Decriminalising possession is not enough Mr. Clegg

Decriminalising the possession of drugs is better than not decriminalising it. But we’re sorry to say that it’s not actually enough: it is also necessary to legalise the production and supply of them.

Nick Clegg will today press ahead with plans to decriminalise possession of all drugs – despite charities warning the move will wreck thousands of lives.

The Lib Dem leader is to pledge that his party will bring forward plans to ensure those caught with drugs for ‘personal use’ will no longer face criminal prosecution. Instead, the maximum penalty would be a fine.

The move covers the powerful ‘skunk’ strain of cannabis and hard drugs such as crack cocaine and heroin, as well as ‘soft’ drugs including marijuana and amphetamines.

Not jailing people for ingesting the stimulant of their choice is of course a good thing. If we don’t own our own bodies and cannot decide what to put into them then we are not free. And freedom and liberty are the aim and goal, of course.

However, this is not enough, welcome though it is. For there are two problems with drugs. The first is that above, the issue of liberty. The second is the issue of safety. It’s all very well to say that we may partake as we wish, subject only to fines. But only with the legalisation of manufacture and supply can there be any form of quality control.

It’s worth thinking back to the adulteration of food in Victorian times. The first investigations into what was actually going into processed foods turned up in The Lancet in the late 1840s and early 1850s. And there was most certainly all sorts of very dodgy stuff being added to food. Sometimes knowingly and sometimes not: we seem to recall people using cadmium salts to make sweets look pretty which really isn’t something to be recommmended but they didn’t know that then.

Legislation to deal with such adulteration really only started in the 1870s. By which time the problem was largely solved. For the information about the adulteration led to producers creating brands which promised no such adulteration. And consumers bought them on such promises. It’s not from quite the same time or place but this is akin to Heinz tomato soup conquering the world. Early canning of soups was slightly hit and miss. Heinz kept better control of that process than other competing manufacturers and thus killed fewer people. This became generally known, the brand became a marker of quality and global domination beckoned.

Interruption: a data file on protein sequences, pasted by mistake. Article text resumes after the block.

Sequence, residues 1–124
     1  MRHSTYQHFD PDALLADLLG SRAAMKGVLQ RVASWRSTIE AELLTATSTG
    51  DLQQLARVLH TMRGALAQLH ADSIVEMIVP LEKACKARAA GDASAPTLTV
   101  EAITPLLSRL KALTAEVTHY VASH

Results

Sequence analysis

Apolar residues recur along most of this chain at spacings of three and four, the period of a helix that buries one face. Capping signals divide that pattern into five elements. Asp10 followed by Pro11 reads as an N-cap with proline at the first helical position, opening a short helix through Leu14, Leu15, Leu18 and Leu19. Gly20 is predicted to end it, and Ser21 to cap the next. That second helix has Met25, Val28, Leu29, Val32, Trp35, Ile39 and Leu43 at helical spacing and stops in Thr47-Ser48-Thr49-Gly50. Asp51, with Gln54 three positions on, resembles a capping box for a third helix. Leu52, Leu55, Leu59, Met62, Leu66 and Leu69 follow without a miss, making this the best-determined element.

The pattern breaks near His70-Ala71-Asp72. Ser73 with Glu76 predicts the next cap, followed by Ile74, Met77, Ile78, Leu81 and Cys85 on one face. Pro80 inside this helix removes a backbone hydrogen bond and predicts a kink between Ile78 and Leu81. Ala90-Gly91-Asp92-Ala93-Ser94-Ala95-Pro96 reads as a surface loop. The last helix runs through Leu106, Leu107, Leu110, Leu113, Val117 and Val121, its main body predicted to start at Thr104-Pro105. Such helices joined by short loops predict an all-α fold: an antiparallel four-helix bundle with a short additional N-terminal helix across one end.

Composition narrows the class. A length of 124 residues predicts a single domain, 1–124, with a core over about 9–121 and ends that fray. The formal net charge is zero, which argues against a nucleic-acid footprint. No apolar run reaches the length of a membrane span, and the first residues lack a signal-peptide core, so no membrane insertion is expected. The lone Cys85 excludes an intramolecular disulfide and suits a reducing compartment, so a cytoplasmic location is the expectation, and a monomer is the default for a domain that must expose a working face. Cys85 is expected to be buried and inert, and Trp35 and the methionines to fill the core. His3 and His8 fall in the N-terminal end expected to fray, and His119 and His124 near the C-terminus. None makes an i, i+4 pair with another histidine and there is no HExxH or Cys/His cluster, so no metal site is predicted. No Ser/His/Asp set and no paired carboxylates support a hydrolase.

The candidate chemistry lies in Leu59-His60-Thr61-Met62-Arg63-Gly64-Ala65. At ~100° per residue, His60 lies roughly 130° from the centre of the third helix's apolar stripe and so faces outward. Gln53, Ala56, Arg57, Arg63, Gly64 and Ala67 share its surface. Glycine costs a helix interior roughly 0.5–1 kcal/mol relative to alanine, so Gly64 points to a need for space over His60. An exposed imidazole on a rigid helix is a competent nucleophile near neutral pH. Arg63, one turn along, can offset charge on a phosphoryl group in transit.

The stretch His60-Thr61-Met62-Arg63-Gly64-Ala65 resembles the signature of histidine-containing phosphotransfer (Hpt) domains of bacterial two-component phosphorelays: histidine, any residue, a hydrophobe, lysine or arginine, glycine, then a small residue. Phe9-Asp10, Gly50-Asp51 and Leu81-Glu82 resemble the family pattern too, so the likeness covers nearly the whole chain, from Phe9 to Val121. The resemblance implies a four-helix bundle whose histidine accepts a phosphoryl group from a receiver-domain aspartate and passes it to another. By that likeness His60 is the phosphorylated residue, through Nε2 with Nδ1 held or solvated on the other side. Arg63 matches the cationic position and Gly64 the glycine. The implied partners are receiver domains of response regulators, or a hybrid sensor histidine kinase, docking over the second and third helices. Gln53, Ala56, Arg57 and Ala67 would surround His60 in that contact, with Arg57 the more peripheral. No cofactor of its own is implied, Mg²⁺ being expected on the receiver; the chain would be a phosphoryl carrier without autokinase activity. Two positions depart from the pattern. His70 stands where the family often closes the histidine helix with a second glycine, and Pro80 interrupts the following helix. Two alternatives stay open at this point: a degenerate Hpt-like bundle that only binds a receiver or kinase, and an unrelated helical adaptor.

To solve our second problem with drugs we need to allow those same processes free rein. Brands must be allowed, brands that claim to be free of brick dust, to be of a certain purity and also of a certain dose. Tax the heck out of them as well, of course, but legalisation, not just decriminalisation, is the solution to both of our problems about drugs.

Plain packaging: stop the nonsense

The Adam Smith Institute’s President, Dr. Madsen Pirie, recently spoke at the “Stop the Nonsense” evening by Forest, Parliament Street & Liberal Vision. You can watch his speech below.


Pay as you protest?

Libertarians generally subscribe to several maxims. Here are two:

1) That everyone has the right to express their views, providing their expressions are within the law.

2) That it’s a good thing when people feel the effects of the social costs they impose on others.

A recent debate on Radio 2 – about street demonstrators possibly having to pay to protest after police look to refuse to close roads for them to demonstrate – pits these two maxims against each other. However misjudged I find the views of groups like “The Campaign Against Climate Change”, “The People’s Assembly Against Austerity”, “Global Justice Now”, and “Friends of the Earth”, there is clearly a case here of the immovable object of people’s freedom to protest coming smack bang against the irresistible force of valuable resources being exhausted by the presence of these demonstrators on our streets, in this case in the shape of exhausted police resources, blocked roads, temporary traffic regulations and potential disturbances of the peace.